At college was where my ‘queering’ begun. As my understanding for bible history, hermeneutics and biblical exegesis grew I quickly lost grip of my fundamentalist ‘reality’. I honestly thought at times as I was loosing my faith.

“What do you mean Moses did not cross the red sea?”

It was well into the last quarter of the first year before I gave up pressing my old formulaic beliefs into academic language and capitulated to what my soul cried out for ‘a faith seeking understanding’ but doing so in the only way I known how to do anything ‘no holds barred’.

My first queer teacher (I am unsure how he would feel about the title but it is just as true) made this groundbreaking statement: Just because it didn’t happen, doesn’t mean it’s not true. That statement alone was worth the price of admission. It ‘queered’ my faith forever, in the same way that Jesus’ “You have heard it said …. But I say unto you ….” must have done for his followers. This together with the guidance of Brian McLaren (A new kind of Christian, the secret message of Jesus) and John Eldredge (Epic, Desire, Sacred Romance, Wild at heart) who taught me a narrative reading of scripture. A narrative framework to replace my rigid fundamentalism.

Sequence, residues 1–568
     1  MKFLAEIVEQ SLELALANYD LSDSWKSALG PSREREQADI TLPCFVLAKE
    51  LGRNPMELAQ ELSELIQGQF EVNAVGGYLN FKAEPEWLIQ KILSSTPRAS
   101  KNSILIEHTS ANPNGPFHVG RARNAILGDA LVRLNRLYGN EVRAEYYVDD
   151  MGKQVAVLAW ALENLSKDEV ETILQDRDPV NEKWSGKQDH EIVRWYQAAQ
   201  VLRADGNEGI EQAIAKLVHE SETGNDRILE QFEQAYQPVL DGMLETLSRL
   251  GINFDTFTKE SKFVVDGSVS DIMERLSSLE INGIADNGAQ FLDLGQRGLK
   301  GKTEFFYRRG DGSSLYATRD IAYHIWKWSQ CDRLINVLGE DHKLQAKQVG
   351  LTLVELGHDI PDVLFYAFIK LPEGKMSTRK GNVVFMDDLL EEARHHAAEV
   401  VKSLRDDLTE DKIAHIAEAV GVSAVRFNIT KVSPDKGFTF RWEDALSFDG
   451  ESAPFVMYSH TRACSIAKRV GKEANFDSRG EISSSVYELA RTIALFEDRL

Still the question of sexuality was still in the closet. I tried to open the can at college but was not really encouraged to go there. So I did when I hit the ground at my first appointment. The first week on the appointment I was asked, hypothetically, if I would officiate a gay marriage. I had no answer, but at least this time I was mature, courageous enough to admit that I did not.